I found the transition to the Irish Bar extremely difficult. Success was determined by your familial or political clique rather than merit, which created a classist ‘system? that could only be broken after 8-10 years of self-funding. I soon realized that this was not how I was going to earn my keep, and decided that I’d put my activist energies into my position as Board member of the Irish Refugee Council, and investigation work for the Ombudsman for Children’s Office.

They say necessity is the mother of invention – I had always harboured ambitions to start my own company but had been putting it off until the right time. I mentioned the idea of starting a company to Kim. Fortuitously, she had always wanted to do the same and after 10 years in finance and consulting felt it was time to go out on her own and explore her own creativity. We brainstormed a few ideas, decided on the concept, the name, and bought the domain that evening. Coldlilies.com was born!

What brought you in this direction? Who were your influencers?

Kim: We are passionate about nurturing designer talent and making this talent accessible to everyone! The inspiration for Coldlilies came from years of international travels, browsing marketplaces and boutiques, and collecting eclectic and unique pieces of jewellery. ?We decided we wanted to curate an online boutique that would give us, as well as fashion-lovers everywhere, access to a tight edit of the quality and unique, hand-finished and design-led jewellery pieces from the most exciting up-and-coming independent designers.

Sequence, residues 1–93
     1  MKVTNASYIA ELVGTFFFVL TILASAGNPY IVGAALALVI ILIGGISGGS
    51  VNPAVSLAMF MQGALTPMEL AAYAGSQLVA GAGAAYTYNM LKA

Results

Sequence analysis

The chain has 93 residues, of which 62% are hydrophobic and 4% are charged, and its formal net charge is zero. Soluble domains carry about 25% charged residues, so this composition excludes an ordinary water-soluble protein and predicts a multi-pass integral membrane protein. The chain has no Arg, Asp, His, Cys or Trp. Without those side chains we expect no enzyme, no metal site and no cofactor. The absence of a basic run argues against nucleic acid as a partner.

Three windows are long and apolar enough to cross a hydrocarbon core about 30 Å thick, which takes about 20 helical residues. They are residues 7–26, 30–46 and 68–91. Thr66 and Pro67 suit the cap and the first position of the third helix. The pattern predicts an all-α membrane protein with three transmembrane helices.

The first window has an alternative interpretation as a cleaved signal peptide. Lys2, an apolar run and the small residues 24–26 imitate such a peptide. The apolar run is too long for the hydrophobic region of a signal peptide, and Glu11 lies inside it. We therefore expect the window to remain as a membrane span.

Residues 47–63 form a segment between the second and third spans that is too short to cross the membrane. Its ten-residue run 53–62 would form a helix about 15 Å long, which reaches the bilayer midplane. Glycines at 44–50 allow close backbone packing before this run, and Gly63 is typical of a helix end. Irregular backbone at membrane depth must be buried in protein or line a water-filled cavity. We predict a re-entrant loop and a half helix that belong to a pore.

Ciara: We are also inspired by Internet entrepreneurs, like Natalie Massenet of Net-A-Porter, who saw the market for luxury fashion online when everyone else thought she was crazy! We love high fashion editorial sites like Net-A-Porter, Mr Porter and The Outnet, and we wanted to mirror their approach by creating an online retail platform, which would allow independent designers to compete with the luxury fashion brands housed on these sites.

Where do you think you sit in the Irish jewellery market?

Ciara: As we’re online, we definitely see ourselves as a global brand with Irish roots. The name Coldlilies derives from the W.B Yeats poem ?He Remembers Forgotten Beauty?: “The dew-cold lilies ladies bore”.

Kim: Starting out we saw a real need to re-position independent jewellery design to sit within the fashion/style, rather than the craft/gifting, space. Rather than targeting the traditional gifting market, we are catering for the next generation of financially independent, style conscious, and digitally savvy woman, who want something unique and are not waiting for someone else to gift it to them!